The Grand Old Duke of York, he had ten thousand men
He marched them up to the top of the hill, and he marched them down again
And when they were up, they were up; and when they were down, they were down
And when they were only half way up, they were neither up nor down.
This was the problem facing the GM referred to at the start of this blog.
Teams & Teamwork
When Teams & Teamwork is the subject of a stand alone training program, my observation is that the focus tends to be on interpersonal relationships, building team culture etc. Teams and Teamwork are regarded as ends in themselves. Whereas they should be regarded as a means to an end so the starting point for team development is a purpose that is aligned to the purpose of the organisation and a goal that is similarly aligned. As Katzenback & Smith wrote in “The Wisdom of Teams” the catalyst for their formation should be a “significant performance challenge”. Organisational Alignment, Management of Change and Leadership are all prerequisites for truly effective Teams and Teamwork.
I spent four years of my working life as a member of a high performing team. They were easily the most satisfying years of my career prior to establishing my own consulting practice. If one accepts the definition of employee engagement as “the employee’s emotional connection to an organisation that inspires greater discretionary effort”, then our team had discretionary effort in spades. We were engaged in the execution of one of the company’s key growth strategies; we determined the direction of the changes required and implemented them; leadership was shared by the team members and teamwork was essential as we each contributed specialist knowledge – and deadlines were tight. We grew to respect and trust each other but it wasn’t all hard yakka. There was plenty of laughter as well. We had no formal training in teamwork and the phrase “employee engagement” had yet to be invented. But were we engaged? You bet we were!
The point is this.
Employee engagement is the most dependent of the five requirements for great execution. So there is no point in undertaking an engagement program unless the prerequisites for engagement are in place and these go right back to the planning process itself. And if they are, you might find that a stand alone engagement program is no longer necessary. Similarly, unless the organisation is aligned, programs on managing change, leadership, etc will not yield the hoped for benefits.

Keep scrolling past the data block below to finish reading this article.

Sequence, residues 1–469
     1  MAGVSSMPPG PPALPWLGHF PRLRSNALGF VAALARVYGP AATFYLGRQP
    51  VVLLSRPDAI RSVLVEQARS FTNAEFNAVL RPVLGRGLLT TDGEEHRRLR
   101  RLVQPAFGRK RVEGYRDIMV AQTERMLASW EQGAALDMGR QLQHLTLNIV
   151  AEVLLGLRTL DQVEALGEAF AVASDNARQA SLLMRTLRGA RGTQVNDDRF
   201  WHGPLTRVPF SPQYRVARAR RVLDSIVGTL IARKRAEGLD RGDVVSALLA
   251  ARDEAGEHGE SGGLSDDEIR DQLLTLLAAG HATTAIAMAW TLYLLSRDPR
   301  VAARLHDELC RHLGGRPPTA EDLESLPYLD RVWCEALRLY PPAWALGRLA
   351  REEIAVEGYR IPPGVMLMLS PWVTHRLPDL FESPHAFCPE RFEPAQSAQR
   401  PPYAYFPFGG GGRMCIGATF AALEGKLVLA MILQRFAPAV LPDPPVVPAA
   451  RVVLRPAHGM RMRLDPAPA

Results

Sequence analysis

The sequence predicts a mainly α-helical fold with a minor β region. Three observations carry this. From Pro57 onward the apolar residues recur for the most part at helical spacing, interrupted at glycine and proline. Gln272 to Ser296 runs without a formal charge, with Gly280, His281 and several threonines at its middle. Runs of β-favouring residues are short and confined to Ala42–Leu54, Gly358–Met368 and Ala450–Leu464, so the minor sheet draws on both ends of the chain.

Communication is not referred to as “the good oil” for nothing. It is the essential lubricant for keeping the wheels of execution rolling with the minimum of resistance. I was careful to write “rolling” not “spinning”. There are many who think that the Holy Grail is a harmonious organisation that tolerates everyone’s point of view and which abhors conflict. Trouble is, that kind of organisation – if one ever existed – doesn’t actually go anywhere. It just spins its wheels. Friction is needed for forward progress, and in an organisation that means keeping everyone informed, promoting, not stifling debate and listening to the staff at the customer interface of your operation. Good communication results in a contest of ideas; poor communication in a contest of personalities. And always remember that the most powerful form of communication – for good or evil – is not what you write, nor what you say but what you do.
Graham Haines is the principal of Plans to Reality, a consultancy that specialises in the effective execution of business and strategic plans. Identifying and linking every stage in the execution process has led to the development of The Wagon Wheel Way™ Enterprise Operating System, the world’s first management framework that covers the complete operational cycle. He explores the whole issue of execution in his book – “Execution to Die For – the Manager’s Guide to Making It Happen”. See http://www.executiontodiefor.com He can be contacted via his web site firstname.lastname@example.org